Confirmation of Betsy DeVos as secretary of Education in peril as two GOP senators defect
President Trump is facing his most serious Cabinet confirmation battle yet after two GOP senators on Wednesday announced that they will vote against his nominee for secretary of Education, Betsy DeVos.
In speeches on the Senate floor, Sens. Susan Collins of Maine and Lisa Murkowski of Alaska said they were troubled by what they said was DeVos’ lack of understanding of public school issues beyond her signature cause of promoting school choice in struggling urban communities. Their plans to vote against DeVos threw the nomination into turmoil.
Late Wednesday, DeVos’ nomination took another hit, from Eli Broad, the billionaire philanthropist who has funded many education reform efforts, especially charter schools. Broad sent a letter to senators calling DeVos unqualified.
“With Betsy DeVos at the helm of the U.S. Department of Education, much of the good work that has been accomplished to improve public education for all of America’s children could be undone,” Broad wrote.
He said he initially had questions about her desire for “unregulated” charter schools and vouchers, and that her performance at her confirmation hearing had increased his doubts.
DeVos currently does not have any support from Senate Democrats. She will need every remaining Republican to vote for her to force a tie on the Senate floor, which could then be broken by Vice President Mike Pence.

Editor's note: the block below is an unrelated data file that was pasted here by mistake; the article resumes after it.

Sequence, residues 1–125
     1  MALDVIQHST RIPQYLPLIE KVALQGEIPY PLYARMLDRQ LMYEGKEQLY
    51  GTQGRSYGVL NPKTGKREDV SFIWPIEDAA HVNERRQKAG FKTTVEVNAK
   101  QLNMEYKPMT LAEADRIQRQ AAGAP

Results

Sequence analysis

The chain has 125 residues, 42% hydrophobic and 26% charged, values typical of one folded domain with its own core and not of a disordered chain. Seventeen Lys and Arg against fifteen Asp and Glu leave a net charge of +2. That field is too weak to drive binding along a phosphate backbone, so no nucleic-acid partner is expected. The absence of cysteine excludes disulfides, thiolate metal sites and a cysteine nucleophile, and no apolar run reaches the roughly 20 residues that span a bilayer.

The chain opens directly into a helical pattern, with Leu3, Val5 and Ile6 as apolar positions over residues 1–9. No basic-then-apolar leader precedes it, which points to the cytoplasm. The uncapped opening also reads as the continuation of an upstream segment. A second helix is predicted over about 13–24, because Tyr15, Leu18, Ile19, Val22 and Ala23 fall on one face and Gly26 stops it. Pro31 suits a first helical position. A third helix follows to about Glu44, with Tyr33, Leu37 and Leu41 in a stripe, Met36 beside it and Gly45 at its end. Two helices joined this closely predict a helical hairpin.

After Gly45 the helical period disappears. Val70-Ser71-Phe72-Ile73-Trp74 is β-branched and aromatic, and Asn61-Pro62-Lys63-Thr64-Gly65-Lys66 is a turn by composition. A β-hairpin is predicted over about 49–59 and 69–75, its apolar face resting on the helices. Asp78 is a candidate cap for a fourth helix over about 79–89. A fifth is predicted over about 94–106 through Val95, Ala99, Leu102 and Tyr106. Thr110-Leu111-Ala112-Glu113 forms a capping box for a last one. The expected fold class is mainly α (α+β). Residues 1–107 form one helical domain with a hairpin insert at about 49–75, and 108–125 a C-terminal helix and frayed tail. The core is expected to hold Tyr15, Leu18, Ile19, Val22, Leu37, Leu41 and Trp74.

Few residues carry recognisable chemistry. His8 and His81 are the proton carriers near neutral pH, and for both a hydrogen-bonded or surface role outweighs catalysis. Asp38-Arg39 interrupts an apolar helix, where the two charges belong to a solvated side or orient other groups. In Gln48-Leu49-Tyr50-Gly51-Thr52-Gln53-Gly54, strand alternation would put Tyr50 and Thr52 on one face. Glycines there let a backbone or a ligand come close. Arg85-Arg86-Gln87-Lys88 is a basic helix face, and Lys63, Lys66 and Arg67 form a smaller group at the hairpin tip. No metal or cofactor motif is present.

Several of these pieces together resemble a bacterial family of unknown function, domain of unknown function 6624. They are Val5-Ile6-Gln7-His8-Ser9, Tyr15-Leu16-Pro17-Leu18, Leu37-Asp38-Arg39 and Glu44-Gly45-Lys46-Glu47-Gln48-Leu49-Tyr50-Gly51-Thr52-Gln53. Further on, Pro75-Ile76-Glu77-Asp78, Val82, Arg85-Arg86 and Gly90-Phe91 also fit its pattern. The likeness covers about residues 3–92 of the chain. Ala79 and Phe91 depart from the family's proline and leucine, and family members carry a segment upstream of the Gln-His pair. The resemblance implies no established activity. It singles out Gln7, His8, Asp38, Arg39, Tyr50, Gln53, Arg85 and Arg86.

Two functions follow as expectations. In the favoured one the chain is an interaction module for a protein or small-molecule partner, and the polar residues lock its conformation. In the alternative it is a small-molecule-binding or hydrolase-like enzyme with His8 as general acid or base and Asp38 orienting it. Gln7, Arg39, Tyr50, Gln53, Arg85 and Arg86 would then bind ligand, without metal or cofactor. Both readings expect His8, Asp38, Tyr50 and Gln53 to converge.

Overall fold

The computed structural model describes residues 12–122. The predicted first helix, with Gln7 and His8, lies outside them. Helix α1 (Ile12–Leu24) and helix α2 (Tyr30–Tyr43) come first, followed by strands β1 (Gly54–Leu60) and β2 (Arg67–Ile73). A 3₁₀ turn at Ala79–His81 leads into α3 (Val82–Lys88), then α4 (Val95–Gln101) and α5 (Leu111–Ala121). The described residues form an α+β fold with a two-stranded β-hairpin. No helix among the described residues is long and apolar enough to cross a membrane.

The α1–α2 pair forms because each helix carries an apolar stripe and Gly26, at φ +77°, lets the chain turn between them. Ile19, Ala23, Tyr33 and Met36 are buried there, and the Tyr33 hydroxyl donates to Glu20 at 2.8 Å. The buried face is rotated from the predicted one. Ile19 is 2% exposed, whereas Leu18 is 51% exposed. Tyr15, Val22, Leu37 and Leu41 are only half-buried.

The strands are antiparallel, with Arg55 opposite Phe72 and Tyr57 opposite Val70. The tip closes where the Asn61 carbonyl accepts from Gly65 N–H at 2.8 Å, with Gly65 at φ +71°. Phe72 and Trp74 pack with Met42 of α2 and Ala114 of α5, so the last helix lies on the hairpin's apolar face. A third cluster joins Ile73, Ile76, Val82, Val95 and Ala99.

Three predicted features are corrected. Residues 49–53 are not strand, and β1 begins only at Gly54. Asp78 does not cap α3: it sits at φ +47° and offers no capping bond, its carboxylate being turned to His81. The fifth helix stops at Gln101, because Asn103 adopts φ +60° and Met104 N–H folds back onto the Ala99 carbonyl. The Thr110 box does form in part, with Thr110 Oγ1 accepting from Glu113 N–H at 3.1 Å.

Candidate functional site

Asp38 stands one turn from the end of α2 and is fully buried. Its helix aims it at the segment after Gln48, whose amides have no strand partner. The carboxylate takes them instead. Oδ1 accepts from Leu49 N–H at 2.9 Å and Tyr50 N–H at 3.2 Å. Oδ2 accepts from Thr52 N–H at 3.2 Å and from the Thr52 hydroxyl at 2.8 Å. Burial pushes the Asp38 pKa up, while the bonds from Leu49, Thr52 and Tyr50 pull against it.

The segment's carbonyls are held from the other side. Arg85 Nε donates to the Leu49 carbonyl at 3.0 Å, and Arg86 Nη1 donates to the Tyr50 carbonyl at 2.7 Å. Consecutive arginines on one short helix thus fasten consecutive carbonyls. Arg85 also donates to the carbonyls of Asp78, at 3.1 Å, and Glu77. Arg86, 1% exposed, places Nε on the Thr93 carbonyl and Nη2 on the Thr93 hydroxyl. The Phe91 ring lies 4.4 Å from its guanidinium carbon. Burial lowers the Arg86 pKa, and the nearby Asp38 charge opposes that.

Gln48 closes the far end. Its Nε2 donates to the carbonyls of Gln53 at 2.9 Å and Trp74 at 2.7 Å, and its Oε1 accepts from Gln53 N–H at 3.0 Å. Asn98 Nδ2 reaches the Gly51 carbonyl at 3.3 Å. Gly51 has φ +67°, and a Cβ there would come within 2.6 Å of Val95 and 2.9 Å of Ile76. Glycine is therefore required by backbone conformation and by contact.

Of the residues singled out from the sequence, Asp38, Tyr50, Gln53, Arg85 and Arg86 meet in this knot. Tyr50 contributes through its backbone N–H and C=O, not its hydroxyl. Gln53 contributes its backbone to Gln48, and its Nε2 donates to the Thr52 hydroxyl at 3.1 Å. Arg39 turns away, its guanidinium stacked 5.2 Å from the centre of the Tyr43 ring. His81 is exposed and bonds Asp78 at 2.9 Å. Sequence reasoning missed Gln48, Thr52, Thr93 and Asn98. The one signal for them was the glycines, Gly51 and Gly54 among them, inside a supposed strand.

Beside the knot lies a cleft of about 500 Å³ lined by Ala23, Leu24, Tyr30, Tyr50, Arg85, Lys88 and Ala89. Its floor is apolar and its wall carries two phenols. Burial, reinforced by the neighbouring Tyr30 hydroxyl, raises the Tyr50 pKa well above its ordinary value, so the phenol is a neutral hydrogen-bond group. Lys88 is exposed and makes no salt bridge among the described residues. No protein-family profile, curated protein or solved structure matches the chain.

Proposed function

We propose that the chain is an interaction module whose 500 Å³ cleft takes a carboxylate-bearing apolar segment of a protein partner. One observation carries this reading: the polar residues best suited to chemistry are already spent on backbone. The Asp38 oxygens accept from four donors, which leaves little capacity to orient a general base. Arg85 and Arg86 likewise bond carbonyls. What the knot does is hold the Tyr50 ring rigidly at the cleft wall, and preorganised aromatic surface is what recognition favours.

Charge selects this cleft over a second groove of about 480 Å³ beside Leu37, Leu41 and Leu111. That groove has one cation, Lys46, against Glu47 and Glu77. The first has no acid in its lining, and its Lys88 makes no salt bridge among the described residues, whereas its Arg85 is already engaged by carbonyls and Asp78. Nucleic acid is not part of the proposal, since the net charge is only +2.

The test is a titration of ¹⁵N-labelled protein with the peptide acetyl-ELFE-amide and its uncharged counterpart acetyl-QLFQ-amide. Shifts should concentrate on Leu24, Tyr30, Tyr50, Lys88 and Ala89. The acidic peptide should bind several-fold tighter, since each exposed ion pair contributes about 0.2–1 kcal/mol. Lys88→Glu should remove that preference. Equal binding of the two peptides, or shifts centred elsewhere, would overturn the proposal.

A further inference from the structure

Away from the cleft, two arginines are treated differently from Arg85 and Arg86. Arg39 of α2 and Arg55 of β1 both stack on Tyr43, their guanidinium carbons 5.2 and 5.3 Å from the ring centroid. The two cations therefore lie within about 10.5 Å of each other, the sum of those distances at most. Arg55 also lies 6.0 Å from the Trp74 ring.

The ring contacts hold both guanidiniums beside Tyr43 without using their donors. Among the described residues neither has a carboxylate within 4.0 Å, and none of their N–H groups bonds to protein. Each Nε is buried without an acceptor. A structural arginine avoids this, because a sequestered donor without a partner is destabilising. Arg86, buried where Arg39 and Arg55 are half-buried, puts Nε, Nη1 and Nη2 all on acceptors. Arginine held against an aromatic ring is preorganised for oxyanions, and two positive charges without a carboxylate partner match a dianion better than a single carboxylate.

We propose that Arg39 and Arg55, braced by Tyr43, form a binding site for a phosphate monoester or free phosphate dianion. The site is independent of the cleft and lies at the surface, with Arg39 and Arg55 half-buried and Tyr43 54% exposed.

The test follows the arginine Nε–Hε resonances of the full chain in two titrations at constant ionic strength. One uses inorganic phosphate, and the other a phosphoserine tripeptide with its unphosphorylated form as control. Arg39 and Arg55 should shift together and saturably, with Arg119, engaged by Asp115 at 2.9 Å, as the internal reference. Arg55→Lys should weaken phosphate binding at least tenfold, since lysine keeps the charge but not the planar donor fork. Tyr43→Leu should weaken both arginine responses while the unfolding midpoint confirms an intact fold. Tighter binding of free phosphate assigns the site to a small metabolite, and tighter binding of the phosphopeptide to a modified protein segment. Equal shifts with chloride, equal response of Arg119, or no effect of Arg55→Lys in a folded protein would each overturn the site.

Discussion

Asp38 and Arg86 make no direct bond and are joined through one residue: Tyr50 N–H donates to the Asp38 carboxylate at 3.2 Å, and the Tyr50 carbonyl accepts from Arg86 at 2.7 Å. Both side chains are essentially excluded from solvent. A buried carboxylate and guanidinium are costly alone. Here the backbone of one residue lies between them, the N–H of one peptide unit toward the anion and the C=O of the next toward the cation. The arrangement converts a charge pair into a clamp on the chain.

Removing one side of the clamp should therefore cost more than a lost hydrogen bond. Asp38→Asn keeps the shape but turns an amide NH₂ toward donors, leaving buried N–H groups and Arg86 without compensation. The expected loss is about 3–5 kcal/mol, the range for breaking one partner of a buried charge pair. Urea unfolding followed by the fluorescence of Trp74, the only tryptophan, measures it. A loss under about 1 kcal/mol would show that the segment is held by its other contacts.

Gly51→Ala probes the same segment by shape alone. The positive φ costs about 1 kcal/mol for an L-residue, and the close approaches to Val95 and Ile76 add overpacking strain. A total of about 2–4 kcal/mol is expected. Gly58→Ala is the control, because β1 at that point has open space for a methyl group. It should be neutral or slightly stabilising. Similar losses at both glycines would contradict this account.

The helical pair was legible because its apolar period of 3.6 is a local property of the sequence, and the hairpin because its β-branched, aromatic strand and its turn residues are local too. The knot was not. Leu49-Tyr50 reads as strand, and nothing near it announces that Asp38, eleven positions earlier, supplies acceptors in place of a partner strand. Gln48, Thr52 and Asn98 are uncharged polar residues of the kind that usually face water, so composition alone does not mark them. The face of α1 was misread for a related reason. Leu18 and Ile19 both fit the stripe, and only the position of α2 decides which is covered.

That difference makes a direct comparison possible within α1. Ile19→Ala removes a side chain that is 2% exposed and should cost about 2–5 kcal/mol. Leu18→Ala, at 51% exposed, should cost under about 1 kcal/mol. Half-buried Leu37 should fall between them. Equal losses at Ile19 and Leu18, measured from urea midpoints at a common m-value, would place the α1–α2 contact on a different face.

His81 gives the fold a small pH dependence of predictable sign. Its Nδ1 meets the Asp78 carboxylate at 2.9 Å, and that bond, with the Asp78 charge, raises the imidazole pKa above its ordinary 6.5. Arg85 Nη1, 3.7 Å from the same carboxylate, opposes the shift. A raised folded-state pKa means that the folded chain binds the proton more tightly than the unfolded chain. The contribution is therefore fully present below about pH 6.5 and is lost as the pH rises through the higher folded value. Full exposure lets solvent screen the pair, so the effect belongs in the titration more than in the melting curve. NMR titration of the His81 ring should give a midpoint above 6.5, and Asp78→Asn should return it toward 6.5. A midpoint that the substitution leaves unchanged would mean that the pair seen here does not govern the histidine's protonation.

White House officials expressed confidence that DeVos would be confirmed despite the opposition from Murkowski and Collins. Opponents focused attention on Sen. Pat Toomey of Pennsylvania, who has not yet declared his intentions.
The fissure in the Senate GOP caucus over her nomination created a considerable political headache for the new administration. It will likely delay the confirmation of Alabama Sen. Jeff Sessions, Trump’s nominee for attorney general, as Sessions’ vote will now be crucial to winning approval for DeVos.
The turbulence reflects the challenges Trump faces in working with Congress, even when it is controlled by his own party. And it comes at a time when some fellow Republicans are eager to send the administration the message that failing to work in concert with Congress -- as Trump neglected to do before issuing poorly executed executive orders on immigration -- can be perilous to his agenda.
In her floor speech, Collins said DeVos’ focus on charter schools and vouchers “raises the question about whether or not she fully appreciates that the secretary of Education’s primary focus must be on helping states and communities … strengthen our public schools.”
Collins said she was “troubled and surprised” that DeVos lacked familiarity with the landmark Individuals with Disabilities Education Act, guaranteeing appropriate education to children with special needs.
Murkowski said she had received thousands of calls from voters expressing alarm about DeVos. “They’re very concerned that Mrs. DeVos will force vouchers on Alaska,” she said. “Mrs. DeVos has much to learn about our nation’s public schools, how they work and the challenges they face.”
This post was updated with news of Eli Broad’s letter criticizing DeVos.
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